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Mass. Regulators OK Cannabis Retailer In Great Barrington And Grow Operation In Franklin

In Leicester, Cultivate workers help customers at the counter during the first day of recreational marijuana sales in Massachusetts. (Jesse Costa/WBUR)
In Leicester, Cultivate workers help customers at the counter during the first day of recreational marijuana sales in Massachusetts. (Jesse Costa/WBUR)
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State regulators have granted final approval for a retail marijuana store in Great Barrington, in the southwestern corner of Massachusetts, and a growing facility in Franklin to begin full operations later this week.

The Cannabis Control Commission on Monday issued a notice authorizing Theory Wellness to begin selling non-medical marijuana to adults 21 or older at its Great Barrington location, which currently operates as a medical marijuana dispensary.

If it opens on Friday, which is the earliest date the CCC will allow it to open to non-medical customers, Theory Wellness would be the sixth non-medical retailer to open in Massachusetts, joining other stores in Northampton, Easthampton, Leicester, Salem and Wareham.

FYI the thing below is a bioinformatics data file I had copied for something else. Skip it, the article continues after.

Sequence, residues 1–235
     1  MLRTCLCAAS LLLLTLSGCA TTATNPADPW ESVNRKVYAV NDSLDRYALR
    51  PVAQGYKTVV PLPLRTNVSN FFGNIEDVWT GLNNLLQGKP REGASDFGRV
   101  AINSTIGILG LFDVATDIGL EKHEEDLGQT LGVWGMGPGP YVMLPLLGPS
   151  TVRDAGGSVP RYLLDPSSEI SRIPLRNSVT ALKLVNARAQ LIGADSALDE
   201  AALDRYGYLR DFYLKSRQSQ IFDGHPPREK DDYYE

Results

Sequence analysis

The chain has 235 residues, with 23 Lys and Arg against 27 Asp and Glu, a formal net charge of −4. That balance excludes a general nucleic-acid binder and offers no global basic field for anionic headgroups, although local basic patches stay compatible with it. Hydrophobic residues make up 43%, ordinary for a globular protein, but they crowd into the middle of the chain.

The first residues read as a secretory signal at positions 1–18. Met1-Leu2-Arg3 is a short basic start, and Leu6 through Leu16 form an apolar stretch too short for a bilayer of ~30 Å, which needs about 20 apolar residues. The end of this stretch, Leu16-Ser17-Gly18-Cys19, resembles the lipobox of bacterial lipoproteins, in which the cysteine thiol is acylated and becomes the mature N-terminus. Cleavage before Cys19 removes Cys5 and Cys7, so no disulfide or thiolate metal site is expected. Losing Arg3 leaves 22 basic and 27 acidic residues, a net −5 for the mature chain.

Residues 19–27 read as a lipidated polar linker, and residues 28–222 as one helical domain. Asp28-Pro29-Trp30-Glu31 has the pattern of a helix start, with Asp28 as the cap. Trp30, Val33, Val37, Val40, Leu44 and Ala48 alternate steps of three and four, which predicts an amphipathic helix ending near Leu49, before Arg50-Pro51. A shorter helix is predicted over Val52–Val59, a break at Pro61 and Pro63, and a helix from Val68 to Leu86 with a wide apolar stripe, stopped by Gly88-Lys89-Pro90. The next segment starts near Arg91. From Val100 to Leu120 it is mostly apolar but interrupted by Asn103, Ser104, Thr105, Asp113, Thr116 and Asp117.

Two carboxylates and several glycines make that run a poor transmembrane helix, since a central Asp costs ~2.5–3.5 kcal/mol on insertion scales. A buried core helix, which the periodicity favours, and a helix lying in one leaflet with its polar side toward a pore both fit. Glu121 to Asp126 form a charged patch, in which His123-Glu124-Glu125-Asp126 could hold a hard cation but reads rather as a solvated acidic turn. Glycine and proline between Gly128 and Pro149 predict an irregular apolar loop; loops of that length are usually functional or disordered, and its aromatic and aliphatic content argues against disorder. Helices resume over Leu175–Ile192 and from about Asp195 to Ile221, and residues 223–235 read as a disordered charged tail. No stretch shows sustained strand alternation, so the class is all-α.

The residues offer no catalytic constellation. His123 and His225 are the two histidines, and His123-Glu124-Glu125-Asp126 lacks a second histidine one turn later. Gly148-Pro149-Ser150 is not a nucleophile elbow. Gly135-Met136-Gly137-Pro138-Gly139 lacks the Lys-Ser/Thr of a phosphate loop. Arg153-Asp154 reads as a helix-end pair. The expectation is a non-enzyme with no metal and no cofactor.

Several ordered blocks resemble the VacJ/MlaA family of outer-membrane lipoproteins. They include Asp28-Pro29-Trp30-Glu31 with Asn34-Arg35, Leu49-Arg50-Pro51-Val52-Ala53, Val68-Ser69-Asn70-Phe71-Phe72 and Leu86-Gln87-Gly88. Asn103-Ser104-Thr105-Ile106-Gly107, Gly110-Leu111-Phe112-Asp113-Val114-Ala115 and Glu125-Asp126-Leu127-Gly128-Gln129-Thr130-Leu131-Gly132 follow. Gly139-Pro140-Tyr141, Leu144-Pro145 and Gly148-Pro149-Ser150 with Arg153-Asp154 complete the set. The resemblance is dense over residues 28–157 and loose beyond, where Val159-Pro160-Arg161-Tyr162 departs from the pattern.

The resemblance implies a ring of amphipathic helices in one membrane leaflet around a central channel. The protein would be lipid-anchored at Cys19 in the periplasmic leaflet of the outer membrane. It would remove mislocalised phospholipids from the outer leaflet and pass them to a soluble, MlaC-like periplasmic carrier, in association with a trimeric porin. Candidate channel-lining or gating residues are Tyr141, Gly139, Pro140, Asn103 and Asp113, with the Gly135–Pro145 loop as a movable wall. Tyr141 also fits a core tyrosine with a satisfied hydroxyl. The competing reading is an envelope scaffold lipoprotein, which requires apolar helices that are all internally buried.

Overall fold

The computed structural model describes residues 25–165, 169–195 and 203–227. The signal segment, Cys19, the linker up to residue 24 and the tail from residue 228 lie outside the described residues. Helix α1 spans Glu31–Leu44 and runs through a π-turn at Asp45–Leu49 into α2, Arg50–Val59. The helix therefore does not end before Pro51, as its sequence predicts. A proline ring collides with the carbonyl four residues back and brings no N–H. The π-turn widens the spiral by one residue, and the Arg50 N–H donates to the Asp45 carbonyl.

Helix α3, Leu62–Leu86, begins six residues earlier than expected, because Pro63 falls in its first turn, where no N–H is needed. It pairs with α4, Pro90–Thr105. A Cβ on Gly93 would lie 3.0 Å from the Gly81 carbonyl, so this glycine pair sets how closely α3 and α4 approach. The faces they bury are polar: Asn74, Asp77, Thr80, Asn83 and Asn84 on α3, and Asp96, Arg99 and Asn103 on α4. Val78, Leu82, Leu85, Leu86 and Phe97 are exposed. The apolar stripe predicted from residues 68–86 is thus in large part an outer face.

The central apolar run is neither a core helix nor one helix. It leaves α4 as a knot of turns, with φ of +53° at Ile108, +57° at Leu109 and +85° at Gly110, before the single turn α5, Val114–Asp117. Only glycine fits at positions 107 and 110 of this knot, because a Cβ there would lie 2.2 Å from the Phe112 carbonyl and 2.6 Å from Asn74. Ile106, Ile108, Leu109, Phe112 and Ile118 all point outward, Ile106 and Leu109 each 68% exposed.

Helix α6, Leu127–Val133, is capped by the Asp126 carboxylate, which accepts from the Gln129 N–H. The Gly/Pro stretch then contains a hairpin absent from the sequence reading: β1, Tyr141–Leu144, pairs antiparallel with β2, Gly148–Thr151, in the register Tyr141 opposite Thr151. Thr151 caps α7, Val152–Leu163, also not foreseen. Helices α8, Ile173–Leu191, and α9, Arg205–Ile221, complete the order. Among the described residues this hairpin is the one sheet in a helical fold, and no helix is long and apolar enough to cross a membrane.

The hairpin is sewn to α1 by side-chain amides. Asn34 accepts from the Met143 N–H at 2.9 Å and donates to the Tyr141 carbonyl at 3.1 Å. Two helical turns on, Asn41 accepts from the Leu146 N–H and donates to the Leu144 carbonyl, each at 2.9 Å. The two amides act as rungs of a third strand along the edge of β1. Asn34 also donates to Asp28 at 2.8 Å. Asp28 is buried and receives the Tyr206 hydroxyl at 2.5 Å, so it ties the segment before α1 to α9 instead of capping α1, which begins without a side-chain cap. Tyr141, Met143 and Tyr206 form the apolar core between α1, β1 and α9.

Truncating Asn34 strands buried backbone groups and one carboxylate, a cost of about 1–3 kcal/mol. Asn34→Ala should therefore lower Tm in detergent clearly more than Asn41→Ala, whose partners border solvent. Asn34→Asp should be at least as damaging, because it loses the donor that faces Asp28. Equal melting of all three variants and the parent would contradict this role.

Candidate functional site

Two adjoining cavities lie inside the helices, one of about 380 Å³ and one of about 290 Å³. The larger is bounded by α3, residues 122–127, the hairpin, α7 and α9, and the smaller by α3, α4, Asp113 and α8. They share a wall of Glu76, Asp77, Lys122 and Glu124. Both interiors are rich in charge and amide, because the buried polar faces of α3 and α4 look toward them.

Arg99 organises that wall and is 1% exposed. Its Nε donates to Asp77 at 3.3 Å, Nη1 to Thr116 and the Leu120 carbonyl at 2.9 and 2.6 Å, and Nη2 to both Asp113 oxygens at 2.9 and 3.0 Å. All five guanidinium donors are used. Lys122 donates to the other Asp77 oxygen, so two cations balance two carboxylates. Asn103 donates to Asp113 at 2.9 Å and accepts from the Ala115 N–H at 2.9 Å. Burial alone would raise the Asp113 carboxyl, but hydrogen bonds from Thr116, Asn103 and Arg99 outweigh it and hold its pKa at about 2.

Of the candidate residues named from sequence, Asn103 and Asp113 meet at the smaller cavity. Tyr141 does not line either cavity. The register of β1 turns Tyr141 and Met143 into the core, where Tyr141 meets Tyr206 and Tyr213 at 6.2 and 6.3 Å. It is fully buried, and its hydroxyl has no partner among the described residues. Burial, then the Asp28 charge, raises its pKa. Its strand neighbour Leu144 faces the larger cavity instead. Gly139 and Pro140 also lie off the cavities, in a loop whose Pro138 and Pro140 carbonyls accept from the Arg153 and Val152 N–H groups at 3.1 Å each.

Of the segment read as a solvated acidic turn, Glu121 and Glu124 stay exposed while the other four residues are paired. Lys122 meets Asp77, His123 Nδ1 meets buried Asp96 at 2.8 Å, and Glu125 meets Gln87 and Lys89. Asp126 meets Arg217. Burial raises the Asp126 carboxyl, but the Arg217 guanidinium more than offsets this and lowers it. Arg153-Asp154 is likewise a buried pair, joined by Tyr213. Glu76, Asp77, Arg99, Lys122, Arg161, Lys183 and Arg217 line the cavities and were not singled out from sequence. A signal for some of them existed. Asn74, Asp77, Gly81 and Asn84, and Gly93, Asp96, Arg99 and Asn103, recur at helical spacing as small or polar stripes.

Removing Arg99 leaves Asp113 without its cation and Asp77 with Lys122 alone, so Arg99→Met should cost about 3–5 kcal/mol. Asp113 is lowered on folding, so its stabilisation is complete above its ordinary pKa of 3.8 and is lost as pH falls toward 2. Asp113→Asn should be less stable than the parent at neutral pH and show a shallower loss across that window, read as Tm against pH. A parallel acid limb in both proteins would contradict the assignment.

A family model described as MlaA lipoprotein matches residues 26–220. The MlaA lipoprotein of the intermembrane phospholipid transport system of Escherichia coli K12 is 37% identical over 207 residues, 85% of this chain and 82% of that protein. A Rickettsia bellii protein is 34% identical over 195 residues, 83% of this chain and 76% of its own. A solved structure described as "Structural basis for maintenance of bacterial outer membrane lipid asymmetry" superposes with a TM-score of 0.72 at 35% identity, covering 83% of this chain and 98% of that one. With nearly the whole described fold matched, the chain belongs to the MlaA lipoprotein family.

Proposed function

According to CCC records, the Great Barrington store at 394 Stockbridge Road was granted a provisional license on Oct. 18, initially inspected by CCC staff on Oct. 29 and was granted a final license on Dec. 13.

The CCC on Monday also issued a notice authorizing New England Treatment Access to begin cultivation and product manufacturing operations for non-medical cannabis at its Franklin facility. NETA has already opened a recreational store in Northampton but had secured permission to transfer inventory from its medical supply.

NETA has been approved to grow up to 50,000 square feet of marijuana at 5 Forge Parkway in Franklin, and to produce cannabis concentrates, vaporizer cartridges, chocolate bars, chocolate caramels, lozenges, gummies, chocolate-covered morsels, baked goods, lotion, salve, capsules, tinctures and cooking oil, according to CCC documents.

Late last month, CCC Chairman Steven Hoffman said the CCC is in a "rhythm" now that could result in four to eight new retail stores coming online each month. The commission will meet on Thursday and is expected to vote to authorize more so-called final licenses. Getting from final licensure to commencing operations has taken roughly three to five weeks for the other businesses that have opened.

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